128. Some of those among us who have followed closely the series of articles on the web site entitled "General Hieu' Page", might have burst out this sentence: "There is no such thing as psychic pen phenomenon in this civilized era of the 21st century!" I was of the same opinion and I didn't and still don't believe in all these so called medium and superstition phenomena that I considered silly. At one time, I teased the author and said "I have to ask you to board me through the night in your home so that I could observe this psychic pen phenomenon." But then progressively the documents, the details and the facts presented in the webpage by the author caused me to make a connection with a psychological phenomenon called telepathy which allows one of the two persons related by blood, or a couple or two lovers strongly bonded to each other, to sense through intuition what is happening to the other person. Anybody among us surely has experienced this phenomenon to some extent.
I had the privilege to read the first draft that the author wrote around June 1998, with a very humble title "My Brother, General Hieu", I thought this was only one of those essays expressing what was stored in the memory. The style was very simple, some details presented were based on the author's memory. I deemed that anybody who has learned how to write could have been able to express facts that are stored in one's brain onto the paper. Honestly speaking, the author's style of that moment was quite similar to the one he used in his weekly newsletters that he composed for the Vietnamese students in the high school he is working at. The style was concise, so concise that it sound harsh, to the point that forced the readers to have to resort to guessing because oftentimes the subject of an action had been left out of the sentence.
But the following week, I was allowed to read the final copy of the article which the author intended to send to be published in Tien Phong magazine. "It's really excellent!" I began to be at awe. In such a short period of time, just a few days, the article had reached some degree of perfection that was able to captivate the attention of the reader in the narration of the mysterious death of General Hieu. I am convinced that only a student who is excellent in writing can organize his thoughts in such a manner that captivates the full attention of the readers. I wondered: "Is that possible that the author possesses a predisposed writing skill? Why does he only show it off now?" And I was thinking: "Maybe he is a late bloomer!!!"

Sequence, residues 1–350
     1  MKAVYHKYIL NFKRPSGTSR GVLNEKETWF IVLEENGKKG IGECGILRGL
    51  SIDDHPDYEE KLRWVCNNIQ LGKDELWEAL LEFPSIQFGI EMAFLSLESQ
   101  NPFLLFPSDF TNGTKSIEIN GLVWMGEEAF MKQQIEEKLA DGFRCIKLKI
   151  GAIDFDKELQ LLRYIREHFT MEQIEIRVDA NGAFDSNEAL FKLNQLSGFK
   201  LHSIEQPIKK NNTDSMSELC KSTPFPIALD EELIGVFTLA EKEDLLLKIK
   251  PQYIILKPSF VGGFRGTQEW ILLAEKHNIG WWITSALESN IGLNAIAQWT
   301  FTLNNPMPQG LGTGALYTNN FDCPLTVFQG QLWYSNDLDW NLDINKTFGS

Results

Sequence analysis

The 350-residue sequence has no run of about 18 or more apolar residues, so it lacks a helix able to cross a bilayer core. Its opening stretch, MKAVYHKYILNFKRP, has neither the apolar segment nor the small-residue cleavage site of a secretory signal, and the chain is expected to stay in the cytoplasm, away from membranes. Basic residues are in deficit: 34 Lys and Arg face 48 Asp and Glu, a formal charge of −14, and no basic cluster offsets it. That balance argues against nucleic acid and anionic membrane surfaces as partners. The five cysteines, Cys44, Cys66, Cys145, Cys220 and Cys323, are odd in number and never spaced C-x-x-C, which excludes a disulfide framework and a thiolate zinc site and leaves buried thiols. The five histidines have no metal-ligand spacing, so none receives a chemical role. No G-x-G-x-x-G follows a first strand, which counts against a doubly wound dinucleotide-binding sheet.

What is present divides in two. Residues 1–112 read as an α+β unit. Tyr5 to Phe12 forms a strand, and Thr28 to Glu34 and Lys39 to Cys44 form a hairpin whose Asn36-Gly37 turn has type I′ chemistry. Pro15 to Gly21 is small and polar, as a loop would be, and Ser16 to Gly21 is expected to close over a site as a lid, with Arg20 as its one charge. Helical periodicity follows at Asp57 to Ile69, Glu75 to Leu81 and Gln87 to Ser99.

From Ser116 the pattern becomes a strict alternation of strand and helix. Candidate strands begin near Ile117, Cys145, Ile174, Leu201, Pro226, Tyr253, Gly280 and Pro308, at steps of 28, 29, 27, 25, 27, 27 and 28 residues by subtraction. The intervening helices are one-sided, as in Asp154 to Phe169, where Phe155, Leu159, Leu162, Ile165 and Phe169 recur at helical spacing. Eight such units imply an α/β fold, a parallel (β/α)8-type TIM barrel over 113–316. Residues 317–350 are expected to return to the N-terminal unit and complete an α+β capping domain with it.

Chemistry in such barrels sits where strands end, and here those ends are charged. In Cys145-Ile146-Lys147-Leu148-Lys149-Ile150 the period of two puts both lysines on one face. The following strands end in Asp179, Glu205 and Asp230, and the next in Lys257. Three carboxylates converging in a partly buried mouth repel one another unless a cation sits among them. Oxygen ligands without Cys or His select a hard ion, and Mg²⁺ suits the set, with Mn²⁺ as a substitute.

Then time passed, two summer months went by. In the end of September, I was shocked to see a series of articles so rich and so compelling which appeared in General Hieu's Page. A wealth of information and documents. Where could they have possibly come from? A big question mark sparked in my head, "psychic pen"? It's very possible! Because, I thought, a writing skill which streamed out words with such ease could not be acquired in a span of one day and one night. This series of articles has stirred in me the nostalgia of a person who was forced to live far away of the motherland and incited me to seek out the reason that had destroyed the integrity of our Vietnamese Flag. Although I had witnessed the loss of our country when I was still a high school student, when I had not yet the chance to accomplish anything significant in life, I was still perplexed while I was trying to flee the country by boat. The enigma lingered on. This series of articles has provided me with a lot of details which allowed me to compare and verify some facts that I had heard regarding national heroes and generals of that period.
What's more surprising, was the fact that the style of the articles has gained in forcefulness (especially in "General As A Chessman In President Thieu's Chess Game") and the detailed proofs coupled with rare historical documents revealed the personal inner secret of General Hieu who seemed to want to expose the injustice of his death as well the glory of his military exploits to his children and to the next generation.